CharlieM: I think it is an additional matter as to whether or not an irreducible system could be achieved through standard evolutionary means. I think it depends on the system. Some no doubt could, but I have strong doubts that it is possible for all of them. Apart from just so stories, I haven’t seen much evidence that the blood clotting system could have come about through blind evolutionary processes.

    Corneel: If an irreducible complex system could be achieved through standard evolutionary means, then why is being IC relevant to deciding whether the blood clotting system could have evolved through “blind evolutionary processes”?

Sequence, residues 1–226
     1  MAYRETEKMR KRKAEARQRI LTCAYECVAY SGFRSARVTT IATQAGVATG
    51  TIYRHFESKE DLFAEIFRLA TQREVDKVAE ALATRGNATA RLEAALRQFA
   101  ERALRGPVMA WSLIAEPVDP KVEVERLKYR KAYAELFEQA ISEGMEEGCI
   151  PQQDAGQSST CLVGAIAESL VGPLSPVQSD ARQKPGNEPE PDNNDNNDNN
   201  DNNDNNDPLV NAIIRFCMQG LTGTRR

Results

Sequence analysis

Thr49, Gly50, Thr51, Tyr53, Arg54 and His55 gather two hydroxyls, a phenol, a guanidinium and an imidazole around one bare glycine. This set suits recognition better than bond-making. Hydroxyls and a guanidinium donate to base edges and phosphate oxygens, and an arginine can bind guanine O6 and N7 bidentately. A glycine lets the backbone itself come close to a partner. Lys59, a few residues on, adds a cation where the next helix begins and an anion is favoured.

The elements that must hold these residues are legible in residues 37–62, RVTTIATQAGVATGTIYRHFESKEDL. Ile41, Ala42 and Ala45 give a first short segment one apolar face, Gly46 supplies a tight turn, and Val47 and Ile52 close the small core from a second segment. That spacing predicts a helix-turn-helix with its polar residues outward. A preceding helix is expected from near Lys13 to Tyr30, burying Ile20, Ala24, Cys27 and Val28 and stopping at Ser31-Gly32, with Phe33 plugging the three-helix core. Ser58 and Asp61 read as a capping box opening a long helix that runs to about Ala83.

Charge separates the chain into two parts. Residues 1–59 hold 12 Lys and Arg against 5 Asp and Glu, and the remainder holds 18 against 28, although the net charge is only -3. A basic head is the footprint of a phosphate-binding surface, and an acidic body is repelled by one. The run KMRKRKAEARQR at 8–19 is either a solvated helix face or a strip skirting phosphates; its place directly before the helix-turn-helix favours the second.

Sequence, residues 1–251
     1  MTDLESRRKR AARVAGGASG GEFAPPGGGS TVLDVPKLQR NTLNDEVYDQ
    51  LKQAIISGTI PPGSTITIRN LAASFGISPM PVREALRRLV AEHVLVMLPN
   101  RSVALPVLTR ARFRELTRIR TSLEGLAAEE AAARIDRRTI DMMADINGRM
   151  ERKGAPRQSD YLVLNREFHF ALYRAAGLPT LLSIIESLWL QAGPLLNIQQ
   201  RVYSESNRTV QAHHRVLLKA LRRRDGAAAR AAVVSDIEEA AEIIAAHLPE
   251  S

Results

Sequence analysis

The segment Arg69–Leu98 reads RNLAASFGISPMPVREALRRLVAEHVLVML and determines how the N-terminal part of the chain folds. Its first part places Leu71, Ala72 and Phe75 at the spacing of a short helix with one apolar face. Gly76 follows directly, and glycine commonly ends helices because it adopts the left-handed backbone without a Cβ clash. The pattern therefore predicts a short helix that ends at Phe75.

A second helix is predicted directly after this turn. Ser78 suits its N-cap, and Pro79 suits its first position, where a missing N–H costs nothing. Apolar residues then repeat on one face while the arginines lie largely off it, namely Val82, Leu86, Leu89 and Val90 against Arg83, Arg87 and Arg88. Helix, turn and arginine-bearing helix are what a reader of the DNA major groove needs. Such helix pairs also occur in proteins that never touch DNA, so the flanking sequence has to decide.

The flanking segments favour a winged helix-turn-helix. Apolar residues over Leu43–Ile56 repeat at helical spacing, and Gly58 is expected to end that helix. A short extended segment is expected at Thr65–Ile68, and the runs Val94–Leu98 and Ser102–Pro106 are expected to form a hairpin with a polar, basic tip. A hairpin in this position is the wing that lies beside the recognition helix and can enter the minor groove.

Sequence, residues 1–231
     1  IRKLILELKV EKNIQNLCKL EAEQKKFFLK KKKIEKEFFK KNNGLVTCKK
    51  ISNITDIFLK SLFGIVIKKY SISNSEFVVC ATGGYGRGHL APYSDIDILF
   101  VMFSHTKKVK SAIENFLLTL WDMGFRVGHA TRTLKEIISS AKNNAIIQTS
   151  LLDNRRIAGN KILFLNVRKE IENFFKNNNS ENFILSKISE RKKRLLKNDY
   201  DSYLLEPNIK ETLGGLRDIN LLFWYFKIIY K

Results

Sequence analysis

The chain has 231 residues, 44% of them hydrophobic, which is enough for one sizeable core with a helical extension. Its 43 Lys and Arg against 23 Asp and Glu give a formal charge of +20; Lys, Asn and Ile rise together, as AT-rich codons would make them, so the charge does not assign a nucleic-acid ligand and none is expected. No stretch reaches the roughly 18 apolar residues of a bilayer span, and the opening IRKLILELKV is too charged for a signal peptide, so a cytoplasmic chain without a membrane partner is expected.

Behe’s main argument against the more complex IC systems evolving by standard evolutionary means is covered in his book, The Edge of Evolution”

    Corneel: But knock yourself out: How did you decide that the human blood clotting system could not have evolved through “blind evolutionary processes”? Did you
    a) study real hard to acquire complete knowledge of all the possible routes by which this system could have evolved and painstakingly excluded all of them?
    OR
    b) did you go “Holy Moley, sure looks complex, can’t have evolved”

    I looked, and I’m still looking, at some of the details of the complexes involved. Prothrombin is cleaved enzymatically at two sites in order to decome active and produce fibrin. Both prothrombin and fibrinogen need to be present in blood plasma and maintained at suitable levels. In humans fibrinogen is produced from three genes and so its production is in itself a complex process. i haven’t yet looked into its production in amphioxus.